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2016 Was the Best Year Ever for Gay Movies

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A look at the stand out gay films, masterpieces, and near-masterpieces of the year. 

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No question about it, 2016 offered an unprecedented bounty of good films that dealt with queer experiences. But this extraordinary turn in the history of movies and gay culture never made it to the mainstream media, which always distorts sex, politics, morality, and art.

This was also the year when mainstream media, which typically marginalizes gay movies, suddenly pretended to find a rare gem (see the last slide). Don't believe the hype. The cultural and media elite only praise what's hyped; their agenda is to promote films that perpetuate the status quo stereotyping of everyone. But these films don't. The very best of them--by Techine, Davies, Thomas, Jarman, Greenaway, and Solondz--aren't just good, they're the best movies of the year.

Being 17

Only Andre Techine has the breezy cinematic mastery to make a story about high school frenemies (one French, the other Algerian) reflect geopolitical tension and simultaneously reveal the models for gay alienation and human connection in family and social dynamics--the roots of desire and self-confidence. A beautiful insight.

Sunset Song

Pouring his troubled romantic soul into the Grassic's novel--the novel of Terence Davies' life--results in a new cinematic classic. The heroine, a woman (Agness Deyn) who feels her ethnic heritage and empathizes with male anxieties, recalls Scarlett O'Hara seen through a gay man's sensibility. A beautiful vision.

Beautiful Something

Gay men in Philadelphia coming to terms with their compulsive sex drive. Joseph Graham and a dream cast--Richard Sheppard, Colman Domingo, Zack Ryan, Matthew F. Rios, and Themo Melikidze--sensualize the essence of brotherly love and community. It's what the late Billy Mackenzie confessed as "wild and lonely." George Michael would have understood. The American movie of year.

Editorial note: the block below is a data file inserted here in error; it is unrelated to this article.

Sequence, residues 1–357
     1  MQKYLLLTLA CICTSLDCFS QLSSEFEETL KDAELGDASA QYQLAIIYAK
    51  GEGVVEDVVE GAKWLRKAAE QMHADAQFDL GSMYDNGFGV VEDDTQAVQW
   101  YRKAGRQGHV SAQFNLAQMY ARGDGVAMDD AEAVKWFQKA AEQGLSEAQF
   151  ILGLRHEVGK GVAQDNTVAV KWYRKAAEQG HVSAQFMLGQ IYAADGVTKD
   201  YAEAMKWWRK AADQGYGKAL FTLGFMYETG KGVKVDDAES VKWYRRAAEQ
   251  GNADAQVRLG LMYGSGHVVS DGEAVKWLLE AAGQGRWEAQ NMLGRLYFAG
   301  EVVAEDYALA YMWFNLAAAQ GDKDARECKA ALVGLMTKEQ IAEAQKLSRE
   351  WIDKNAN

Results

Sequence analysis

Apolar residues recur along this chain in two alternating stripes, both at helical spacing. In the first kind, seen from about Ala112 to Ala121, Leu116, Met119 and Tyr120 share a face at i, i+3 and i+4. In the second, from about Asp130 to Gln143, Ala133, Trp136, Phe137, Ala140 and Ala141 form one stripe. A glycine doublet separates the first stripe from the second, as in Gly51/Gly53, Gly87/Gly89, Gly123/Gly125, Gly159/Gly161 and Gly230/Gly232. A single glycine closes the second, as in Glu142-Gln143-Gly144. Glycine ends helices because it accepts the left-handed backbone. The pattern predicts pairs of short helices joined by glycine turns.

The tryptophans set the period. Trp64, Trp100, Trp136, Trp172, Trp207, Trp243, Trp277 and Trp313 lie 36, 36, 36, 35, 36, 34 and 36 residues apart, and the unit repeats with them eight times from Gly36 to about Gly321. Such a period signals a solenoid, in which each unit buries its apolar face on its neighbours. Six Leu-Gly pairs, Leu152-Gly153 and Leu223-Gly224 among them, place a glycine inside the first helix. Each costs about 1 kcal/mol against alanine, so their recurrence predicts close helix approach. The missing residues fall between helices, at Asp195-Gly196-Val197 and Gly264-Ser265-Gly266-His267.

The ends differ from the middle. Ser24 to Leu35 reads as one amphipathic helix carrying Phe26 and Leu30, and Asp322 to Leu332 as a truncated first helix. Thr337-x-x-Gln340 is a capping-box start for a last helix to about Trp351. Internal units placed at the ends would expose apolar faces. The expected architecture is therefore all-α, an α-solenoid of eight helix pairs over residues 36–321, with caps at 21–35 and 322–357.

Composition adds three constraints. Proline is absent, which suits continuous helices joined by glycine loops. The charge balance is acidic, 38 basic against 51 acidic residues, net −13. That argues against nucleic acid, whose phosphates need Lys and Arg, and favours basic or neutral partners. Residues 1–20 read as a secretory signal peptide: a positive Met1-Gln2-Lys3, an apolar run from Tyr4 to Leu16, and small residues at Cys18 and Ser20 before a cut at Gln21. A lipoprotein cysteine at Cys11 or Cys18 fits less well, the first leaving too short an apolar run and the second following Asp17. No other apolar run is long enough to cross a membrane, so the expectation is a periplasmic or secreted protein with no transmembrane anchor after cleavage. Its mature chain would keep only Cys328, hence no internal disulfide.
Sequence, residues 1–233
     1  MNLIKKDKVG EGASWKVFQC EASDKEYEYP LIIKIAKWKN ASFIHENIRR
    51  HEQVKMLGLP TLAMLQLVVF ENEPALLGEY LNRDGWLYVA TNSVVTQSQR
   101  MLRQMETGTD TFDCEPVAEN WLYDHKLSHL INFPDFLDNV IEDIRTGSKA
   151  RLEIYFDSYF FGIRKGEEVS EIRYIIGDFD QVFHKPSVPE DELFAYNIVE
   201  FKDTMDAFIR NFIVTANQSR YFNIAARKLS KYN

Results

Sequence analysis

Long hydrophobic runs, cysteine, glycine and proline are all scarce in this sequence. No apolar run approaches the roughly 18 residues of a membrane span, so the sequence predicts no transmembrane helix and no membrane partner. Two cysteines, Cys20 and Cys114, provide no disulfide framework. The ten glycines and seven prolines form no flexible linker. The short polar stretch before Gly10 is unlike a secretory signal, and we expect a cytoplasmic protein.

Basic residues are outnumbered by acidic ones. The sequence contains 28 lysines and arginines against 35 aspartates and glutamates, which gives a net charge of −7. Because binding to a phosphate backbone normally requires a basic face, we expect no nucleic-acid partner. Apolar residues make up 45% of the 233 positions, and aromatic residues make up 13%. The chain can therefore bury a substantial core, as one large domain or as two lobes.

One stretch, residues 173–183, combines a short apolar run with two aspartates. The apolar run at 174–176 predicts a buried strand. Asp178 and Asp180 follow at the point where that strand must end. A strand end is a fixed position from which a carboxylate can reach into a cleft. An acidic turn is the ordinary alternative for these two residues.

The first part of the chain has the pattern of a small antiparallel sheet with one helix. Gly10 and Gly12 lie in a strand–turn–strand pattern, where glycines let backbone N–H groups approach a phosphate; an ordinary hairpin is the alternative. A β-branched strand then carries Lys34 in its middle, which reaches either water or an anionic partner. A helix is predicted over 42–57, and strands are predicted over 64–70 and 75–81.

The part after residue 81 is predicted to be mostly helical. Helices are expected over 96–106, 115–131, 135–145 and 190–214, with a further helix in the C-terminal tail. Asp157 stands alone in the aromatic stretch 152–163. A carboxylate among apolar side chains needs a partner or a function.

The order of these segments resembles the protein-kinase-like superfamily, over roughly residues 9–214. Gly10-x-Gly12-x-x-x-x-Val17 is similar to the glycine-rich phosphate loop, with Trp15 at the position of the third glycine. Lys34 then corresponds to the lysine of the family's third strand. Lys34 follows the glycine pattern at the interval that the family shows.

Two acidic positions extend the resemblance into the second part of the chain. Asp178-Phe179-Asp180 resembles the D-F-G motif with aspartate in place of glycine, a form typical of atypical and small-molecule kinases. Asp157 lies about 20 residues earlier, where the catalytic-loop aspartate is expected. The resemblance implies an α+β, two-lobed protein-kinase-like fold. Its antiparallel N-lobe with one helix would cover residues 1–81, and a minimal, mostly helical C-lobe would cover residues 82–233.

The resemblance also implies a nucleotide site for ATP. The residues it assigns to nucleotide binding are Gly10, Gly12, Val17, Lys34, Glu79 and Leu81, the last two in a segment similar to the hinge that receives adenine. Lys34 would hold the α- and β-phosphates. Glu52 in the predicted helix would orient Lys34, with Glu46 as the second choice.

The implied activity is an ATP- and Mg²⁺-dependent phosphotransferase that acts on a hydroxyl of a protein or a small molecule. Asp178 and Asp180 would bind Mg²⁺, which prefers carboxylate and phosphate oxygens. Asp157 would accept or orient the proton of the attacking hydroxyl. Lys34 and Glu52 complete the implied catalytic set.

Will You Dance with Me?

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This invaluable, previously unreleased project by Derek Jarman documented one night at a 1980s gay disco. A cross-section of Londoners find common ground on the dance floor, moving, singing, flirting back when rap, disco, and Frankie Goes to Hollywood's "Relax" defined social media.

Eisenstein in Guanajuato

Peter Greenaway's most inventive and accessible movie. A biopic of the great Sergei Eisenstein, the gay Russian genius who invented the action film, seen during his sexual and artistic exile in Mexico. Elmer Beck gives the performance of the year matched by Luis Alberti's below-the-border heat.

Wiener-Dog

Todd Solondz captures contemporary culture's intimate, nationwide breakdown in this daring satire. Film professor and screenwriter Danny DeVito faces the intolerance of a millennial gay student more concerned with his own arrogance than life's consequences.

Valley of Love

In Guillaume Nicloux's Honor Thy Parents/Love Thy Child proverb and existential mystery, Gerard Depardieu and Isabelle Huppert come to terms with their deepest issues when memorializing their gay son. A profoundly moving journey.

Don't Call Me Son

A gay Brazilian teen's (drag artist Naomi Nero) difficult self-realization is mirrored in the vicissitudes of family structure. Dani Nefussi's tour de force duo motherhood performance embodies director Anna Muylaert's singular insight.

The Dressmaker

Jocelyn Moorhouse and P.J. Hogan's latest woman's picture gives Kate Winslet her first real diva role as a woman who escaped a horrible adolescence then returns home to Australia (and Liam Hemsworth) to teach the fabulousness of sexual self-acceptance. It's Project Runaway as National Velvet and Judy Davis channeling Anne Revere.

Certain Women

Kelly Reichardt's got dem ol' cosmic blues again, Mama, using the lonely landscapes of Montana as her best-yet setting for lesbian character studies--by Kristin Stewart, Laura Dern, Michelle Williams, and special guest lesbian-of-color Lily Gladstone searching for a soul mate.

Spa Night

In Los Angeles' Koreatown, a gay youth (Joe Seo) balances dutiful-son, immigrant-culture loyalties with the need to embrace his desires. Director Alan Ahn gives the universal tale personal sensitivity.

And then there's Moonlight. Years after Isaac Julien, Patrik-Ian Polk, and Carl Franklin's trailblazing movies about black gay life, this film caters to politically correct self-pity and liberal condescension, mainly through its affecting black male actors . Barry Jenkins' take on themes from Trayvon Martin doesn't connect to Techine's circle-of-life (or the other films listed here), it merely reinforces victimization as the gay and black social condition. Moonlight is unacceptable but upcoming 2017 films by Davies, Duscastel-Martineau, Alain Guiraudie suggest we are entering a gay film renaissance.

Related | Trevante Rhodes Shines in Moonlight, This Fall's Essential Queer Black Film

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